Time Warner services 17.9% of all cable subscribers, gaining 3.5 million subscribers from its joint acquisition of Adelphia with Comcast. Time Warner now has 14.4 million cable customers (plus 1.5 million held in partnership with Comcast).”

April 22, 2008

Internet users have reasonable expectation of privacy, holds New Jersey Supreme Court

Filed under: law, News, politics — Tags: , , , , , , , , — skeptisys @ 9:49 am

Uncle Sam america 4th amendment internet email privacy

All personal information on the internet, no matter how trivial, is protected from warrant less search and seizure, says the New Jersey Supreme court.

The Supreme Court of New Jersey, in a unanimous 7 judge decision, ruled that internet users have the same expectation of privacy. “just as New Jersey citizens have a privacy interest in their bank records stored by banks and telephone billing records kept by phone companies.”  Quote from Chief Justice Stuart Rabner, writing for the court.

The ruling can be found here (PDF format).  The ruling referenced both U.S. Constitution fourth amendment, and New Jersey Constitution in making this ruling.  The case dealt initially with IP addresses and other private and/or personal information necessarily sent to a 3rd party (ISP, in this case Comcast).  However, the ruling was much more broad, encompassing ‘all information, no matter how trivial’.  The ruling quoted from a law review article on the laws,

“[informational privacy] encompasses any
information that is identifiable to an
individual. This includes both assigned
information, such as a name, address, or
social security number, and generated
information, such as financial or credit
card records, medical records, and phone
logs . . . . [P]ersonal information will be
defined as any information, no matter how
trivial, that can be traced or linked to an
identifiable individual.”

This ruling was expected, as “Federal case law interpreting the Fourth Amendment has
found no expectation of privacy in Internet subscriber information.”

In the case at hand, “The trial court properly suppressed the subscriber information obtained.”

privacy is not a crime t-shirt

March 18, 2008

RateMyCop is pulled over and tasered

Filed under: law, News, politics — Tags: , , , — skeptisys @ 12:54 pm


A website, RateMyCop, was taken off the internet after the site received criticism from police organizations. The site, whose stated purpose was to allow the public (including the police) to post information and opinions on individual police officers, was taken down by their ISP GoDaddy, and and has remained unavailable since (more than 1 week so far). The site apparently used only public information, and violated no laws. The main objection by the police is that posting their names would “put law enforcement in danger.” Given their names are already public information, I have no idea how it would put them in further danger.   I think these police organizations are making incorrect assumptions, and the website would actually be beneficial to the police officers.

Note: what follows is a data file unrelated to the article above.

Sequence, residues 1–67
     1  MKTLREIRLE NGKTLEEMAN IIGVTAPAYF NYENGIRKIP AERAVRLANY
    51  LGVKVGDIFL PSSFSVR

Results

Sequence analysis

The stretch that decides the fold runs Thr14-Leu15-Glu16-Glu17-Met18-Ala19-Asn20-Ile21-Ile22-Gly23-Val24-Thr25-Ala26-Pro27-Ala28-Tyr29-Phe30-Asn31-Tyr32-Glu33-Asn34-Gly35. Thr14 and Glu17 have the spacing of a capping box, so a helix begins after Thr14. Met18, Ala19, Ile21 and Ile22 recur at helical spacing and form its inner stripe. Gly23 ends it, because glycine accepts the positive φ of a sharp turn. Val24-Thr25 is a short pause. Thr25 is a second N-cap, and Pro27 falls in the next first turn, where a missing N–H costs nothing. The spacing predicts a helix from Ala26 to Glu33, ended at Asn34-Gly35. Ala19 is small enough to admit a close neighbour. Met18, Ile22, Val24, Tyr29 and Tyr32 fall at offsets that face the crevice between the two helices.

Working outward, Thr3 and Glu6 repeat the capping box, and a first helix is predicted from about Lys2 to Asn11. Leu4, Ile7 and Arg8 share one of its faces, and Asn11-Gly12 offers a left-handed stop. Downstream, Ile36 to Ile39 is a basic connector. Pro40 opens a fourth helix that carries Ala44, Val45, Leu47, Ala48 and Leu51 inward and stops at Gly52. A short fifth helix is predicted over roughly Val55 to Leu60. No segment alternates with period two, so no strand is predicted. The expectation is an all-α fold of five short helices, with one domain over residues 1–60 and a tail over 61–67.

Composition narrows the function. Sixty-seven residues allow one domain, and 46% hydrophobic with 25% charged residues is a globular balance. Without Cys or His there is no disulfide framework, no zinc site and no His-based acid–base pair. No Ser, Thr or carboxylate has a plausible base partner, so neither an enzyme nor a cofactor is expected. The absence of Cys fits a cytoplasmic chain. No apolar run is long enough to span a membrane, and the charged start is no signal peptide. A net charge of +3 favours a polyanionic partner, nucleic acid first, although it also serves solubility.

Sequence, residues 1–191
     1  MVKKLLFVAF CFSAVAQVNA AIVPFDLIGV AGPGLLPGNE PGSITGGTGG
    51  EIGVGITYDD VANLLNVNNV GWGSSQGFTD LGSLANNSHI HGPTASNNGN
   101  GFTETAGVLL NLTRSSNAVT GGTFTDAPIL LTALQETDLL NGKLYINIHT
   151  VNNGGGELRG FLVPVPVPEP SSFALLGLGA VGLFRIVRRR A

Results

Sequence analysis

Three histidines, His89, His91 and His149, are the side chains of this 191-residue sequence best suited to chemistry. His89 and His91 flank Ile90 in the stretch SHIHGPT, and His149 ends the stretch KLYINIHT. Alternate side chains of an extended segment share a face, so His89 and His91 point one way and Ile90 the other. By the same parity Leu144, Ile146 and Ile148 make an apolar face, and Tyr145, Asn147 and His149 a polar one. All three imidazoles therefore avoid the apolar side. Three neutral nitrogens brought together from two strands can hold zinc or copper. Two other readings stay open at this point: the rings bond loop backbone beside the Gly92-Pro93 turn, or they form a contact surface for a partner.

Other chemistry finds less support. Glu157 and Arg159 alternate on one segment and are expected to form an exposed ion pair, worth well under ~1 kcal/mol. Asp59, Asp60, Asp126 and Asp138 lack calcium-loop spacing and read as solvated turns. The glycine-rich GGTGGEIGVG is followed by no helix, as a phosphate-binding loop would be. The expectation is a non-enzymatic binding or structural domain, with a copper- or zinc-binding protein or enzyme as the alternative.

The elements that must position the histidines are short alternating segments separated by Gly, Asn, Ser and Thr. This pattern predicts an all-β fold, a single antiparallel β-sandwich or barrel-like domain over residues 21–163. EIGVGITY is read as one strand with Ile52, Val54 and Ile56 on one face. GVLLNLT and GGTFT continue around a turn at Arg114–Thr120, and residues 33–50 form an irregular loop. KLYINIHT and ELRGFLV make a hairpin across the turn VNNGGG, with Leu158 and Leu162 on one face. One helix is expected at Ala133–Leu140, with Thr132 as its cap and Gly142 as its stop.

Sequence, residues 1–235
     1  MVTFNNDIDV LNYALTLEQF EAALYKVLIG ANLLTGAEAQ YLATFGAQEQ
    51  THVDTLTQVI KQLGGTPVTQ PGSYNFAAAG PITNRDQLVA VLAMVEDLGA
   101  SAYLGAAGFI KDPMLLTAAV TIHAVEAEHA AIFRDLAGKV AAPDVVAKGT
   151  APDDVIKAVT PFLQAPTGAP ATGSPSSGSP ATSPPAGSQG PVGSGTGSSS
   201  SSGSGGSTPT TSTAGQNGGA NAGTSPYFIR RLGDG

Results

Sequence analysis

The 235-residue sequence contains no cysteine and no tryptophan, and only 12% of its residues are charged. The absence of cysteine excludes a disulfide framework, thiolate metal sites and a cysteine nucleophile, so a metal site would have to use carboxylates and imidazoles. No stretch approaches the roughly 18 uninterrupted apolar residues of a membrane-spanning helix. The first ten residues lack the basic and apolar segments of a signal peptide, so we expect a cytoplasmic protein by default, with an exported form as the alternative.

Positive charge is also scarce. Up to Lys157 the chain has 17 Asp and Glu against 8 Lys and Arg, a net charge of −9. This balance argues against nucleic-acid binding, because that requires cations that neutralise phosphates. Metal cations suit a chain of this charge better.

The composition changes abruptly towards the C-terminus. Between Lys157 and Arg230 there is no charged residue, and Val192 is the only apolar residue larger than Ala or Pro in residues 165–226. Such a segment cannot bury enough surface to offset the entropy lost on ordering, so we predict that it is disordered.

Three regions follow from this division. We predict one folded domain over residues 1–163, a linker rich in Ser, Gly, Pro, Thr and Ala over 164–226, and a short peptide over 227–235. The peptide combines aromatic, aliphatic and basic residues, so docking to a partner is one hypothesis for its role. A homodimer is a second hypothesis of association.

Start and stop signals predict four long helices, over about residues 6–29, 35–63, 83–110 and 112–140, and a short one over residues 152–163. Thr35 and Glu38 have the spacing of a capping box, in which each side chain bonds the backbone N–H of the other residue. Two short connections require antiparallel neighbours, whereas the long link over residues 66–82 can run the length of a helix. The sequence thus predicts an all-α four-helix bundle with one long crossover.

The police would be able to post direct responses to any potential criticism on the site, which is more difficult when that speech is not open or organized.   Many people in America believe the police do not protect and serve them; that they protect and serve the very elite and rich and view all others as dangerous potential criminals.  If this assumption is not true, the police would be able to use this site to smooth over bad feelings, making them in fact safer.  If it is true, they can work with the public to help move the discussion forward, making the police safer.  Either way benefits society greatly.  With America having over 1% of adults in prison, the relationship between the police and the people needs all the help it can get.

The police organizations are assuming the feedback will all be negative, but that can’t be the right assumption. The police work for the public, and some of the police do know it and try their best. I know someone who lost their husband, and was helped by an officer during that rough time. They would have shared that information to everybody if RateMyCop were available.  I have known cops who were great people, pleasant and fun to hang out with at a barbecue.   One personal ‘cop saved my life’ story is worth a lot more than 10 ‘jerk gave me a ticket’ story.

Of course, the police have the right to voice their concerns, accurately or not, about having their names posted on a website, and the website has the right to have this online forum.  The concern I have is that the website was quickly and efficiently censored, in a country that claims ‘freedom’ on its brochures.   This censorship was done in the typical American way, which is more subtle than force, but quite effective.  The people who run the website lost their large audience.

RateMyCop’s original ISP quickly took the site offline without notice – initially claiming they didn’t like the content, then due to the high traffic. The site was even willing to pay the extra fees requested, and did prepay for another ISP – who nonetheless withdrew the option.  The effect is that ISPs, as large corporate entities, can control and censor web content – by first raising the cost of exercising your freedom of speech online to a level that restricts it to only the rich and powerful; and second by simply refusing to host your site.  This case shows the ISPs will enact this extreme censoring action in collusion with other ISPs, and for the benefit of the official U.S. government.  The resulting self-censorship is gigantic. People will hesitate to speek freely about the government, police, and the corporations they work for, in fear of potential harassment.  That is the complete opposite of America’s original way of life.

If the United States is to regain its reign as greatest and most free country in the world, we have to prevent large companies from this type of control.  When large companies use their power to abuse people’s constitutional rights, it is the government’s ability and responsibility to fine, restrict, dissolve, or criminally punish the offending company. In the United States, corporations were for many years restricted to only temporary limited entities due to the fundamental belief that they would become too large and powerful, abusing American way of life.  Shame on the ISPs for censoring their user, and shame on Congress for not taking appropriate actions to protect their constituents.  If Congress wants to know why they are so disliked (latest 19% approval rating) they need not look any further than their refusals to do their job upholding the constitution, just so a handful of large companies can make even more obscene short-term profits.  Shame on congressional Republicans and Democrats alike.